Basic fibroblast growth factor enhances the capacity of bone marrow cells to form bone-like nodules in vitro

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Abstract

The role of basic fibroblast growth factor (bFGF) in the proliferation and differentiation of rat bone marrow cells in culture was studied. bFGF stimulated [3H]thymidine incorporation into these cells by 4-fold at a concentration of 0.3 ng/ml and half-maximal effect was observed at a concentration of 15 pg/ml. In addition to its mitogenic effect, bFGF stimulated alkaline phosphatase activity by 3.6-fold. Continuous treatment with bFGF (for 21 days) resulted in a 6.3-fold increase in the culture dish surface area covered by bone-like mineralized tissue. Maximal bone-like tissue formation was observed in the presence of 3 ng/ml bFGF with half-maximal effect at a concentration of 0.3 ng/ml. These results indicate the possible role of bFGF in the proliferation of osteogenic rat bone marrow cells and their differentiation into cells of osteoblast-like phenotype.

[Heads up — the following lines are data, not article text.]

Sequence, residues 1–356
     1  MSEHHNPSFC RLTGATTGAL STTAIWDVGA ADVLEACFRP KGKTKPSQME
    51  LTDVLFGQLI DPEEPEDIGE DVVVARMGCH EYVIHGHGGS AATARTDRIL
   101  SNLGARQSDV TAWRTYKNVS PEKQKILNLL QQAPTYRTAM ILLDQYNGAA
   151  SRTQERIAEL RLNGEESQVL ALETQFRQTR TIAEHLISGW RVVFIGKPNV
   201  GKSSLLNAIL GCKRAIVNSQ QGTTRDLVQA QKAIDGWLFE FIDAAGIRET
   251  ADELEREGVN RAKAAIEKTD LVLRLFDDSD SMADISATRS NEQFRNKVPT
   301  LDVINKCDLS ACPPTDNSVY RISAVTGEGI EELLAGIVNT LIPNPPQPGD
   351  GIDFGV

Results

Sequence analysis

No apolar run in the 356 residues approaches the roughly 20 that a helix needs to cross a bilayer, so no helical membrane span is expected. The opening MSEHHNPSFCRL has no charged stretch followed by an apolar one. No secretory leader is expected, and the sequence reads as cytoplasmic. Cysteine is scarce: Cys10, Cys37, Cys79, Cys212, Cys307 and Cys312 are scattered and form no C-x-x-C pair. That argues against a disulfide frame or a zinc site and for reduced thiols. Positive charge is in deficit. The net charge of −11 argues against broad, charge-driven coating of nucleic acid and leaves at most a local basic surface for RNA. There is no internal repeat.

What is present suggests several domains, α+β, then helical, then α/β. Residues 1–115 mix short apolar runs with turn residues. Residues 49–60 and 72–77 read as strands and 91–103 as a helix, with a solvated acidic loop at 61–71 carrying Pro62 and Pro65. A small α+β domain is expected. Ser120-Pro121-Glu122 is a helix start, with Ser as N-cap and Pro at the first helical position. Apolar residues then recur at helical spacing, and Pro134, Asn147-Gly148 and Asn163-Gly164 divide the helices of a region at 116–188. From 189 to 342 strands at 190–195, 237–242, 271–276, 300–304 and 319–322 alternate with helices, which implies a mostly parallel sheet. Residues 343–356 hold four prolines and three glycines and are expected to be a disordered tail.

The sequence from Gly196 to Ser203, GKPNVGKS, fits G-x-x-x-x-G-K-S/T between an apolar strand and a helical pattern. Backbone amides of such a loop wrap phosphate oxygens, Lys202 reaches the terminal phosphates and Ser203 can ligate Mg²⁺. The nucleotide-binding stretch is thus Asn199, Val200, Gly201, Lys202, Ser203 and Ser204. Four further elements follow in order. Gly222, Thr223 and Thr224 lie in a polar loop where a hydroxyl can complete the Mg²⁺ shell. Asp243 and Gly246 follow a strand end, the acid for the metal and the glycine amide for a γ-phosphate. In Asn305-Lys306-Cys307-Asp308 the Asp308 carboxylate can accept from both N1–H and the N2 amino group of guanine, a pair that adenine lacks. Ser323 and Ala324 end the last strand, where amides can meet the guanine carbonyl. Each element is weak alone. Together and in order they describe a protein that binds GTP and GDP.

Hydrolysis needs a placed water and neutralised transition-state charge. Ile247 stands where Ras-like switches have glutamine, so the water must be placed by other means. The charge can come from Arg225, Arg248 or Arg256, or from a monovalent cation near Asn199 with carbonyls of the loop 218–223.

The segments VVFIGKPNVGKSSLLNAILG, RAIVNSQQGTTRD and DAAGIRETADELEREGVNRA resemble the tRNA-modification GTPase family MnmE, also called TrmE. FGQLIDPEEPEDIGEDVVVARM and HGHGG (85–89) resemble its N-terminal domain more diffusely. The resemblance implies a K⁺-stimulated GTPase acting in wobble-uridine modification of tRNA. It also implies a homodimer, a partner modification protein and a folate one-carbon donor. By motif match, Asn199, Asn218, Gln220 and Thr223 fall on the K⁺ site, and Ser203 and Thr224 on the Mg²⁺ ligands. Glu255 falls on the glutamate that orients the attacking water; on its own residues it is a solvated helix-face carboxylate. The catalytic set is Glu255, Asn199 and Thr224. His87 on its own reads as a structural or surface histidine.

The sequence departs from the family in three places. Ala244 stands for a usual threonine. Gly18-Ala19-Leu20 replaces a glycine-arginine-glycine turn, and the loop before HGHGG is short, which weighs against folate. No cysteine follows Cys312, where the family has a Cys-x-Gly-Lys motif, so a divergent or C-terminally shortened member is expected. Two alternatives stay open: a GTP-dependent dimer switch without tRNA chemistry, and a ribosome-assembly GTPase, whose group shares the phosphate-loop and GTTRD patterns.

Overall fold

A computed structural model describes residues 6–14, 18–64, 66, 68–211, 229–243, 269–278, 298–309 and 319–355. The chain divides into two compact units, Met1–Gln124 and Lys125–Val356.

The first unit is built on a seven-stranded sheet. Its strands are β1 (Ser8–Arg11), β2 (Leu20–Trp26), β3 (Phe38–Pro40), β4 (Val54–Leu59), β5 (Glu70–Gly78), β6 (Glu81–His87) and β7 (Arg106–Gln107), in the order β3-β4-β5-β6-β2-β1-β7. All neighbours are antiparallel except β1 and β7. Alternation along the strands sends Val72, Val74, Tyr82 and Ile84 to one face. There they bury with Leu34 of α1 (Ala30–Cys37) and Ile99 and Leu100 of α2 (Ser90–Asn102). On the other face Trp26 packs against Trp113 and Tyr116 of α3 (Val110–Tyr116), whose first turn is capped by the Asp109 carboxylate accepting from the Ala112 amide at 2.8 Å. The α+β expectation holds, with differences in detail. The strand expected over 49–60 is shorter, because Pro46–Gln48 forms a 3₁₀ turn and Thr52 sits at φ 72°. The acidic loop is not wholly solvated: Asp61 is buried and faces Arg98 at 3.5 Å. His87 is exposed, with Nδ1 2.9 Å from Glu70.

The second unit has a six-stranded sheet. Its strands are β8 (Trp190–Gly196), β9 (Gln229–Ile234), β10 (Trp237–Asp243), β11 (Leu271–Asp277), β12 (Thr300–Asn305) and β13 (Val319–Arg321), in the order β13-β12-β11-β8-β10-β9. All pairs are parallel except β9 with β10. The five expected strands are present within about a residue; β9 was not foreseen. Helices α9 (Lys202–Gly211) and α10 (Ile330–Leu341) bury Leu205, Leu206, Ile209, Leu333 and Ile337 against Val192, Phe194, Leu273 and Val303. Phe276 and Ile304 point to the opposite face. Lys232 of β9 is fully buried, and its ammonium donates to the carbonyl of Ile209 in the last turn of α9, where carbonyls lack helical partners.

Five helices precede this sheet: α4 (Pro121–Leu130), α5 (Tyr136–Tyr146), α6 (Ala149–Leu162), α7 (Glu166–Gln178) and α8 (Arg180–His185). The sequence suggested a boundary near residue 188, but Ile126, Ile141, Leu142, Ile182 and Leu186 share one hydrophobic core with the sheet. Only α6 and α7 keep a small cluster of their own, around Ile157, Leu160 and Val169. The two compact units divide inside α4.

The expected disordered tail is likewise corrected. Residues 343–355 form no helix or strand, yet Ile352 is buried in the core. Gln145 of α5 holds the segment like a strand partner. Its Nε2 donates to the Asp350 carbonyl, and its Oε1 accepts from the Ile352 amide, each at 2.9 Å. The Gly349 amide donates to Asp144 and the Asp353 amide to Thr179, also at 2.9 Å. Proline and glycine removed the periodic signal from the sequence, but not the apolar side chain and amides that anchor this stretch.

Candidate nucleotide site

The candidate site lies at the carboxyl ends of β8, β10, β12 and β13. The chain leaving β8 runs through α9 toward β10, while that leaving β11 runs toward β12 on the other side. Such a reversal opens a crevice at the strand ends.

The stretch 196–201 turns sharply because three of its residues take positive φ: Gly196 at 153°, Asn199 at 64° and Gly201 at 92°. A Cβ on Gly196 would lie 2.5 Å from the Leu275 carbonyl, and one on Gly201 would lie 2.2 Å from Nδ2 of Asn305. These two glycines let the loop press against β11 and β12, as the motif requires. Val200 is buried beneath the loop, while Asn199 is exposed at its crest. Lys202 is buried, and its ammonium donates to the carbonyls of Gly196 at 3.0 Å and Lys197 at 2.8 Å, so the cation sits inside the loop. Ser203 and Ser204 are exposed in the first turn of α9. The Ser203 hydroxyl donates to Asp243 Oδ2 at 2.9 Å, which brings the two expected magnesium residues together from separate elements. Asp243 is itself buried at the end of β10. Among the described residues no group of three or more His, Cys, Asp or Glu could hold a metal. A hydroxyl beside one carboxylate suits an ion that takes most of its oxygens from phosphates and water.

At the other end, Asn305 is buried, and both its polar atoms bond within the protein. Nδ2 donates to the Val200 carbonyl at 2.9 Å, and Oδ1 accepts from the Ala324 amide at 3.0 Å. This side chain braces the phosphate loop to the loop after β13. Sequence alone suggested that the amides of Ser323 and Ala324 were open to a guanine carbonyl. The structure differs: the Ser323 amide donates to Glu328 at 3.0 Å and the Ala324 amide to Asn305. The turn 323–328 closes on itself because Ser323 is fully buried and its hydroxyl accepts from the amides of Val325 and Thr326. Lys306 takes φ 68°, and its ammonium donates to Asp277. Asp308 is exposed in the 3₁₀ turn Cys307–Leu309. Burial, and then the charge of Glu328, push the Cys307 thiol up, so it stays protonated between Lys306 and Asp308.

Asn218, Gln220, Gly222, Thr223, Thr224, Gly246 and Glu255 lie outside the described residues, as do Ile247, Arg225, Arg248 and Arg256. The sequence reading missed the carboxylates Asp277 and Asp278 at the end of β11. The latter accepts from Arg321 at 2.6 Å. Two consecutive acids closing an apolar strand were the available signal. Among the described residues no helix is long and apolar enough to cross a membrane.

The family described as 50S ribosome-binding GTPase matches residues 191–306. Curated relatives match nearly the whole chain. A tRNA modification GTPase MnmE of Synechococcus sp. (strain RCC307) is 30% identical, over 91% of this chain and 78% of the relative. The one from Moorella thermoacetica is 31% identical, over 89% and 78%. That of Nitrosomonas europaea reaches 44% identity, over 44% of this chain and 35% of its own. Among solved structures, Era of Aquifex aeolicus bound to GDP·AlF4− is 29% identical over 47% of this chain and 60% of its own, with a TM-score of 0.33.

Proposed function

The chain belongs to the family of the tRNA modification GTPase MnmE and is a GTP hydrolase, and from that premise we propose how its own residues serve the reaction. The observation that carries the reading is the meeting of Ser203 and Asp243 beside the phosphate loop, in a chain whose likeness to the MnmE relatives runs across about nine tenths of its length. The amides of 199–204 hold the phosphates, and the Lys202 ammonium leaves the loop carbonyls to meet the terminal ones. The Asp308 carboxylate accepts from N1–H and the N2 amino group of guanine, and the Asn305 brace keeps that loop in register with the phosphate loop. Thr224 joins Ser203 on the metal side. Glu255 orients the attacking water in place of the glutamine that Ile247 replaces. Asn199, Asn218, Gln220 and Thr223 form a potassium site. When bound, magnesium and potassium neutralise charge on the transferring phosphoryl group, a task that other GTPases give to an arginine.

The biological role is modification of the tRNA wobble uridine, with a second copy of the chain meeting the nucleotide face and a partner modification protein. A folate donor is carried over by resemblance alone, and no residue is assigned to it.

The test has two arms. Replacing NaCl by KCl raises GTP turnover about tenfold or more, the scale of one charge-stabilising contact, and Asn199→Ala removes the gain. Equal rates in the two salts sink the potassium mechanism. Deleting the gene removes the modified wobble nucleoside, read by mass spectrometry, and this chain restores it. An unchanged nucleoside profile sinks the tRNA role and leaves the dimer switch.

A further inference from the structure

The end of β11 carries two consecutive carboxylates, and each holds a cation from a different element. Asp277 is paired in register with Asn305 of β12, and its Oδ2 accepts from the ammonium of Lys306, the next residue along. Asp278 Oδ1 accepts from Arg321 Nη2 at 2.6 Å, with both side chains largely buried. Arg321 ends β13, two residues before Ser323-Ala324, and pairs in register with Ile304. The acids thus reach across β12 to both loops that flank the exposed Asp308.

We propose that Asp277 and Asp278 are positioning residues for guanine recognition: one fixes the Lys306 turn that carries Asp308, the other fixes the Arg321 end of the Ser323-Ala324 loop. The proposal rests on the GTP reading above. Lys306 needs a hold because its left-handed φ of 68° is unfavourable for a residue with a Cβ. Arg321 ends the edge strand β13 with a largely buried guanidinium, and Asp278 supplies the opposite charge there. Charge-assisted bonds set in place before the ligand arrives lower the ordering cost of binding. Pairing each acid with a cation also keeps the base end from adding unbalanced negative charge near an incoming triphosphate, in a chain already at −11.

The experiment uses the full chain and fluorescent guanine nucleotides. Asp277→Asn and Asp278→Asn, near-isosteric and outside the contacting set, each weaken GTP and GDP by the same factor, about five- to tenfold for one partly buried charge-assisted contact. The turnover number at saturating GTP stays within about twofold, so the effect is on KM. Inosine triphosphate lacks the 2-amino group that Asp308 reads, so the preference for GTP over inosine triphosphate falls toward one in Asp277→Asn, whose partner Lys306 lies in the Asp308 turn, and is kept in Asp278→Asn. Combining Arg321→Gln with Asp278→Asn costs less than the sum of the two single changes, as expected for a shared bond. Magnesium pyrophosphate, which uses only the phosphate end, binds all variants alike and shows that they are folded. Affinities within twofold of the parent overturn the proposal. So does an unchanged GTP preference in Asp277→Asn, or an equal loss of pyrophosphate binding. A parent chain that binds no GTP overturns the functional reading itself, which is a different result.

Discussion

Original languageEnglish
Pages (from-to)619-621
Number of pages3
JournalFEBS Letters
Volume250
Issue number2
DOIs
StatePublished - 3 Jul 1989

Keywords

  • (Rat bone marrow)
  • Alkaline phosphatase
  • Fibroblast growth factor
  • Mineralized nodule
  • Osteogenesis in vitro

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